Not long after the 2020 summit, the Rudd government held a community Cabinet meeting in eastern Arnhem Land on 23 July 2008. The Prime Minister was presented with a communiqué on behalf of Yolgnu and Bininj clans living in Yirrkala, Gunyangara, Gapuwiyak, Maningrida, Galiwin’ku, Milingimbi, Ramingining and Laynhapuy homelands. These homelands have repeatedly generated notable Aboriginal activism on constitutional reform. The communiqué represented the views of approximately eight thousand Indigenous people in Arnhem Land. The Yolngu and Bininj Leaders Statement of Intent called for constitutional protection for traditional land and cultural rights. The statement had been developed over the previous eighteen months and adopted following meetings at Maningrida in West Arnhem Land on 1 July 2007.

The Statement of Intent argued for the recognition of the Yolgnu and Bininj peoples’ fundamental human right to live on their land and practice their culture, and asked the Australian government to ‘work towards constitutional recognition of our prior ownership and rights’. The communiqué argued that this substantive recognition of rights is the precondition for economic and community development in remote communities, including the right to be recognised as committed to maintaining culture and identity and protection of land and sea estates. The statement argued that the Yolgnu and Bininj had been ‘marginalised and demeaned over the past decade and have been denied real opportunity to have a say about our aspirations and futures’.

Prime Minister Rudd pledged his support for recognition of Indigenous peoples in the constitution, as did Opposition Leader Dr Brendan Nelson. But they were talking about symbolic recognition: an acknowledgement or a statement of fact, or what was commonly referred to at the time as Indigenous recognition, in a preamble.

This was not what the Statement of Intent called for. Rudd’s response was a misreading. The Yolgnu and Bininj communiqué sought substantive constitutional rights, not symbolism. This misunderstanding was repeated routinely over the following decade-long recognition project. Indigenous peoples call for substantive constitutional recognition but the politicians hear ‘symbolic’ recognition. The inference that constitutional reform is synonymous with preambular recognition is continually repeated by politicians and media over the next decade, until it explodes at Uluru.

Rudd lost the prime ministership to Julia Gillard in mid 2010. After the election she retained power, but in a hung parliament. In her agreement with the Greens and Independent Rob Oakeshott, which gave her the prime ministership, she agreed to constitute an Expert Panel on the Recognition of Aboriginal and Torres Strait Islander Peoples.

 

THE EXPERT PANEL Gillard constituted was a diverse cross-section of Australians and included direct representation from all sides of politics: Labor, Liberal and Greens. The terms of reference require the panel to report to government on possible options for constitutional change to enable Indigenous constitutional recognition, including advice on the level of support from Indigenous people and the broader community for each option. The panel, like the Referendum Council that would commence its work barely four years later, built on a huge body of work.

Australia has amassed many reports on the exigency of structural reforms for Indigenous peoples, including a 1983 Senate Standing Committee on Constitutional and Legal Affairs, a 1988 Constitutional Commission, the post-Mabo Social Justice Package of 1992–95, the 1998 Constitutional Convention, the Council for Aboriginal Reconciliation in 2000 and the Senate Legal and Constitutional Affairs Committee in 2003, as well as a 2008 House of Representatives Standing Committee on Legal and Constitutional Affairs.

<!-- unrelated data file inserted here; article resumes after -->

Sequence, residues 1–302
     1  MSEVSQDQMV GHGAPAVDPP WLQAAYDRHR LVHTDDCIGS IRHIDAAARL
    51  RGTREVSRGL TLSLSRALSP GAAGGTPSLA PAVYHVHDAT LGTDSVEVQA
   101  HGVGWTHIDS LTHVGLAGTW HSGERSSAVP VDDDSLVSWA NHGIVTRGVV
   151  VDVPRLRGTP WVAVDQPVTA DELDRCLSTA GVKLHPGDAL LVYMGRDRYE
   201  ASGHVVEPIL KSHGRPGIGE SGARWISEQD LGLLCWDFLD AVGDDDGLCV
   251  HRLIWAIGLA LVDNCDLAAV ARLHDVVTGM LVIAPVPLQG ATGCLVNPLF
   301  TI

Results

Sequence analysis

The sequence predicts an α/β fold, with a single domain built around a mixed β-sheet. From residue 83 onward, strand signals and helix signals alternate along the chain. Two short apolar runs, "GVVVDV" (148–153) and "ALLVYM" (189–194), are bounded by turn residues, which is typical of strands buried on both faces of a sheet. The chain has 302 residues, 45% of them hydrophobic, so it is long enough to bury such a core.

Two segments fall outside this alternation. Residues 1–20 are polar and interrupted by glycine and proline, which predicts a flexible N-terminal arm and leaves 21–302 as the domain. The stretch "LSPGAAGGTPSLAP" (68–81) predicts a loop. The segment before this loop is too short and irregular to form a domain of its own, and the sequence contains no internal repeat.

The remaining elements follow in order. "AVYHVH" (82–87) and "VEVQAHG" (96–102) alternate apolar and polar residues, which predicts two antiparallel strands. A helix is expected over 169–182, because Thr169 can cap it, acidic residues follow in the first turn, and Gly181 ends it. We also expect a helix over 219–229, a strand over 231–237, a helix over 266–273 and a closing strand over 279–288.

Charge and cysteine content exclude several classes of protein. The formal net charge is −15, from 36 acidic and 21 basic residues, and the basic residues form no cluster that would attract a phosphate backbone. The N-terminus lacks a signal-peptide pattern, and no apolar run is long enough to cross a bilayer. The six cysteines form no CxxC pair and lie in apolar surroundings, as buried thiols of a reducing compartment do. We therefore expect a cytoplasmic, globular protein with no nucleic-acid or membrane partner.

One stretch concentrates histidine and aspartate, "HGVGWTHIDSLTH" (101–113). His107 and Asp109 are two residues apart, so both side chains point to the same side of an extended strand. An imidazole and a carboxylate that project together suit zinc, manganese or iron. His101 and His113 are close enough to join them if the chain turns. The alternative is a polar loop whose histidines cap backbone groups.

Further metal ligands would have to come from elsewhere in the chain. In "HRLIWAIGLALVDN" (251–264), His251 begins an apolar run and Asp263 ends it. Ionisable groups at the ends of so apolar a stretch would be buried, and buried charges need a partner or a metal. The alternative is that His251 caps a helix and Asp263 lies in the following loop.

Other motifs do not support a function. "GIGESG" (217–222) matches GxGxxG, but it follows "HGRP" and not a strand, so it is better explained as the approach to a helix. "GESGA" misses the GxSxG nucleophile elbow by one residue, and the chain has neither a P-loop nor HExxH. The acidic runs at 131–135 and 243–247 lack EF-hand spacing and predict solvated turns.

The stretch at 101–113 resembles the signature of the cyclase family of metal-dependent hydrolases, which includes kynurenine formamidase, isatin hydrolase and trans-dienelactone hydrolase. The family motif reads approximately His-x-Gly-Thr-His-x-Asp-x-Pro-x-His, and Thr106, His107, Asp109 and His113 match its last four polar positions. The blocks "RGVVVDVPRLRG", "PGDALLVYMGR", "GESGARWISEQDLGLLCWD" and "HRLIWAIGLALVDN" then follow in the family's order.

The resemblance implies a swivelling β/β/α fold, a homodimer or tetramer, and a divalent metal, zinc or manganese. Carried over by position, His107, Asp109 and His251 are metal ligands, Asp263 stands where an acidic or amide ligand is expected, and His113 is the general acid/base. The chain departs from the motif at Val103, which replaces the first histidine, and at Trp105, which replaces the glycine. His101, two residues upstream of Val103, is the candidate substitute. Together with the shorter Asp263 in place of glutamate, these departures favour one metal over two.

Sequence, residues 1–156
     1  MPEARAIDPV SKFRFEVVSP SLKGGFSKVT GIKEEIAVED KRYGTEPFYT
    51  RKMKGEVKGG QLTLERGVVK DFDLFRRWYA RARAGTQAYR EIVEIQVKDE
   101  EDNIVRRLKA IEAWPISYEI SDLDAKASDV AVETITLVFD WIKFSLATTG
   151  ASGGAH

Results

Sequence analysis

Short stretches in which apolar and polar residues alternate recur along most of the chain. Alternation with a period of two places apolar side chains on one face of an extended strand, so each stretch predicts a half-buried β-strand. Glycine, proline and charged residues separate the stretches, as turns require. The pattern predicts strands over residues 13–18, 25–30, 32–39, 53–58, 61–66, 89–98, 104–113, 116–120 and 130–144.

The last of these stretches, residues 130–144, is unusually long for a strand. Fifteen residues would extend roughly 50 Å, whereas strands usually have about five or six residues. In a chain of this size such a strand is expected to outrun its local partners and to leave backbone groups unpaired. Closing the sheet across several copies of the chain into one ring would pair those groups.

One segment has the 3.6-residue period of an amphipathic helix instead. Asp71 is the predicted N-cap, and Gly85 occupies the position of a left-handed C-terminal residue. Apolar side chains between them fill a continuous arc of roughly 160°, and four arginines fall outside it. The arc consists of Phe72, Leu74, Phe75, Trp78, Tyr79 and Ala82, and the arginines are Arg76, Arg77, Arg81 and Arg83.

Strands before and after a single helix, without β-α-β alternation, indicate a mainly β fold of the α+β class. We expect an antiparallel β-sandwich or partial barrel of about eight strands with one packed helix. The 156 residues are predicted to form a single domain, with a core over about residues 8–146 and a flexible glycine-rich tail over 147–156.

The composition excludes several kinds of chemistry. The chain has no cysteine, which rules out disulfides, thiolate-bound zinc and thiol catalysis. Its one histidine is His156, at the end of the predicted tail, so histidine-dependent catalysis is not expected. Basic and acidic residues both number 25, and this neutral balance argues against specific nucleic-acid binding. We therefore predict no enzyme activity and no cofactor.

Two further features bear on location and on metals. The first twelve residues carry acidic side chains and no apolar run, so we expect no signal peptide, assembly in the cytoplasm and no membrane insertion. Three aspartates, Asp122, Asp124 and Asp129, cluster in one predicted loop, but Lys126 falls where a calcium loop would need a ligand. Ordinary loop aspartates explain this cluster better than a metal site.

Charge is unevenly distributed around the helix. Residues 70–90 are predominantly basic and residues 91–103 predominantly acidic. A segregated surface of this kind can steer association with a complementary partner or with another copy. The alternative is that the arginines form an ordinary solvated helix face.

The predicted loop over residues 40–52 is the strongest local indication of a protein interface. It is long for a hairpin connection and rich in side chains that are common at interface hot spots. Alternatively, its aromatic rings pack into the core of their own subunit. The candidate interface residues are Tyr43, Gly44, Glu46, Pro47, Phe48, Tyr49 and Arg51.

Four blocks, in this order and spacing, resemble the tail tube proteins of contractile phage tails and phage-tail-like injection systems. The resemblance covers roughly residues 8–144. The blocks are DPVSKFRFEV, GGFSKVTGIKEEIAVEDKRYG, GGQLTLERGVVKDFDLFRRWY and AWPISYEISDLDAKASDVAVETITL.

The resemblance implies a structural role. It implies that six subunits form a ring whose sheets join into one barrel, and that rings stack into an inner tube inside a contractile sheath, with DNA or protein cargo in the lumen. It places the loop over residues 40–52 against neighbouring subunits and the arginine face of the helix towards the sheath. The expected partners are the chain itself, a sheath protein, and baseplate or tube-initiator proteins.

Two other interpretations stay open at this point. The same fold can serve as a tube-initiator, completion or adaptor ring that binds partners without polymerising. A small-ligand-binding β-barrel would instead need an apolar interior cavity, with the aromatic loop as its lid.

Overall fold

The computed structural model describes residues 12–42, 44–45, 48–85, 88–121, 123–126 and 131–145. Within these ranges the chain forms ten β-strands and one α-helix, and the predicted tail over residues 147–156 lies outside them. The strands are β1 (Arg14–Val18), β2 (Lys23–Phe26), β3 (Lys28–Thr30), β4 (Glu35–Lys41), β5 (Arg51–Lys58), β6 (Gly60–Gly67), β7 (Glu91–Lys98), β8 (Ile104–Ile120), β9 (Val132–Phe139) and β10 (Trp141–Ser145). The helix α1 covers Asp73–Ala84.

Unlike the Referendum Council, which almost exclusively focused on consulting the Aboriginal and Torres Strait Islander community, its predecessor Expert Panel was charged with leading a broad national consultation and community engagement program to seek the views of a wide spectrum of the community. The expert panel adopted several approaches to capturing this spectrum of views, including publishing a discussion paper and a formal public submissions process, producing a website and holding public consultations across the nation between May and October 2011. Also, acknowledging the language diversity of the Aboriginal and Torres Strait Islander community, a short film summarising the discussion paper was translated into fifteen Indigenous languages, and Aboriginal and Torres Strait Islander interpreters were engaged and present at consultations, as needed. The panel was also asked to seek advice from constitutional law experts to consider any unintended consequences of proposed changes. This was particularly important because the unintended legal consequences of the amendments to section 51(xxvi) of the constitution following the 1967 referendum left it open to the High Court to decide that the power could be used to support beneficial as well as adverse discriminatory legislation.

At the Expert Panel’s second meeting in Melbourne in March 2011 it adopted four principles to guide its assessment of proposals for constitutional recognition of Aboriginal and Torres Strait Islander Peoples. These principles, also adopted later by the Referendum Council, were that any proposal must:

Contribute to a more unified and reconciled nation;
Be of benefit to and accord with the wishes of Aboriginal and Torres Strait Islander peoples;
Be capable of being supported by an overwhelming majority of Australians from across the political and social spectrums; and
Be technically and legally sound.

Following its consultations, the Expert Panel made five recommendations. It recommended that section 25 – which contemplates state parliaments enacting discriminatory franchise laws that disqualify a people of a particular race from voting at state elections – be repealed. Deletion of this section has multi-party support. Six years later in 2017, participants in the First Nations Regional Dialogues, National Constitutional Convention and the Referendum Council adopted a very different approach to section 25.